Birgitte H. Kallipolitis holds a position as Professor at the Department of Biochemistry and Molecular Biology, University of Southern Denmark. She obtained her Ph.D. in Molecular Biology in 1997 from the University of Southern Denmark. She was a postdoctoral fellow at the University of Copenhagen and a visiting scientist at UCC, Ireland. In 2001, she returned to the University of Southern Denmark as an Assistant Professor, and she became an Associate Professor in 2005. She was appointed Professor of Molecular Microbiology in 2017. The Kallipolitis-group has key competences in molecular studies of RNA and protein-based gene regulatory systems in gram-positive bacteria. The group manages a fully equipped biosafety level 2 lab at the Department of Biochemistry and Molecular Biology, including facilities for infection studies in cultured cell lines and the model host C. elegans.
Head of research: Professor Birgitte H. Kallipolitis
Gene regualtory systems in pathogenic bacteria
The Kallipolitis group carries out research on gene regulatory systems in gram-positive bacterial pathogens, including Listeria monocytogenes and Staphylococcus aureus. We focus on understanding how RNA- and protein-based gene regulatory systems control the adaptation of bacterial pathogens to changing and stressful environmental conditions. We are particularly interested in uncovering the biological function and mechanism of action of small, regulatory RNAs. In addition, the nematode Caenorhabditis elegans is being exploited as a model host for the study of host-pathogen relationships. In other on-going research projects, we investigate new strategies for prevention and treatment of bacterial infections.
Current research projects
Exploring the role of regulatory sRNAs in bacterial pathogens
In this project, we are studying the cellular function and mechanism of action of small, regulatory RNAs (sRNAs) in pathogenic bacteria. By using two different approaches, we have identified several sRNAs in the gram-positive bacterial pathogens Listeria monocytogenes and Staphylococcus aureus. Our first approach, which also represents the first attempt ever to identify sRNAs in L. monocytogenes, resulted in the discovery of the Hfq-binding sRNAs LhrA, LhrB, and LhrC1-5. We have previously shown that the RNA-binding protein Hfq contributes to the stress tolerance and pathogenesis of L. monocytogenes in mice. In addition to the Hfq-binding sRNAs, we initiated a search for stress-inducible sRNAs in Staphylococcus aureus and L. monocytogenes, using a genome-wide bioinformatic screening approach. Having confirmed the presence of several sRNAs in these bacteria, the question to be answered is: What is their cellular function and mode of action? Considering the strategies employed for their identification, the sRNAs are most likely part of regulatory networks controlling stress- and virulence-associated genes. Our task now is to elucidate their exact physiological roles and mechanism of action. More specifically, we wish to identify the cellular targets (proteins or mRNAs) on which they act. For this purpose, we are using a range of experimental approaches to search for, validate and characterize the cellular targets of the sRNAs. We have shown that the sRNA LhrA is an Hfq-dependent trans-acting antisense RNA controlling the expression of multiple genes in L. monocytogenes, including the virulence-associated chitinase ChiA. LhrA represents the first example of an Hfq-dependent sRNA in Gram-positive bacteria. Furthermore, we have recently demonstrated that the multicopy sRNA LhrC controls the expression of the virulence adhesin LapB.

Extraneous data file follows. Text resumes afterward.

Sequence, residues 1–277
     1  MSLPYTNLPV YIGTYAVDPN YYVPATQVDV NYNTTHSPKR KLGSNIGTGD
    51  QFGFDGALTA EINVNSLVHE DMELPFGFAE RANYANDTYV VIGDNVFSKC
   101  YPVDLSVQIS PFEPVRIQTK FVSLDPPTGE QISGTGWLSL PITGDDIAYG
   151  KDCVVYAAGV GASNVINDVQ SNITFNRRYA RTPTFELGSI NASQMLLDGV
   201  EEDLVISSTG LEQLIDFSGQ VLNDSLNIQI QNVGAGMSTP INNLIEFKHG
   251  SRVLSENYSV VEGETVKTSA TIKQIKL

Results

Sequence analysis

Reversal of antibiotic resistance by non-antibiotic helper compounds
The major goal of this research project is to elaborate knowledge for the development of new therapeutic strategies for the treatment of infections caused by antibiotic resistant microorganisms. Methicillin-resistant Staphylococcus aureus (MRSA) is a growing global problem and there is a shortage of new efficient drugs for the treatment of MRSA infections. Interestingly, it has been noticed that sensitivity towards traditional antibiotics can be restored by non-antibiotic helper compounds, i.e. therapeutic agents not originally designed for antibiotic purposes. The neuroleptic drug thioridazine has shown potential for therapeutic use in problematic infections caused by antibiotic resistant bacteria, such as MRSA. We investigate the molecular mechanisms underlying the restored sensitivity in microorganisms by non-antibiotic helper compounds using molecular genetics and biochemical methods. Furthermore, infections studies are performed by using mammalian cell lines and the nematode C. elegans as model host for S. aureus pathogenesis. This research project is part of an ongoing collaboration between the Kallipolitis group at BMB, SDU, and the research groups of Associate Professor Janne Kudsk Klitgaard and Professor H. J. Kolmos at the Department of Clinical Microbiology, Odense University Hospital.
A multicopy sRNA of Listeria monocytogenes regulates expression of the virulence adhesin LapB
Sievers, S., Sternkopf, E. M. S., Jacobsen, K., Lund, A., Mollerup, M. S., Nielsen, P. K., and Kallipolitis, B. H. Nucleic Acids Res., 2014, 42:9383-9398.
Defining a role for Hfq in Gram-positive bacteria: Evidence for Hfq-dependent antisense regulation in Listeria monocytogenes
Nielsen, J. S.; Lei, L. K.; Ebersbach, T.; Olsen, A. S.; Klitgaard, J. K.; Valentin-Hansen, P.; Kallipolitis, B. H., Nucleic Acids Res., 2010, 38: 907-919.
Thioridazine induces major changes in global gene expression and cell wall composition in methicillin-resistant Staphylococcus aureus USA300
Thorsing, M.; Klitgaard, J. K.; Atilano, M. L.; Skov, M. N.; Kolmos, H. J.; Filipe, S. R.; Kallipolitis, B. H., PLoS One, 2013, e64518
A full list of publications by associate professor Birgitte H. Kallipolitis can be found here.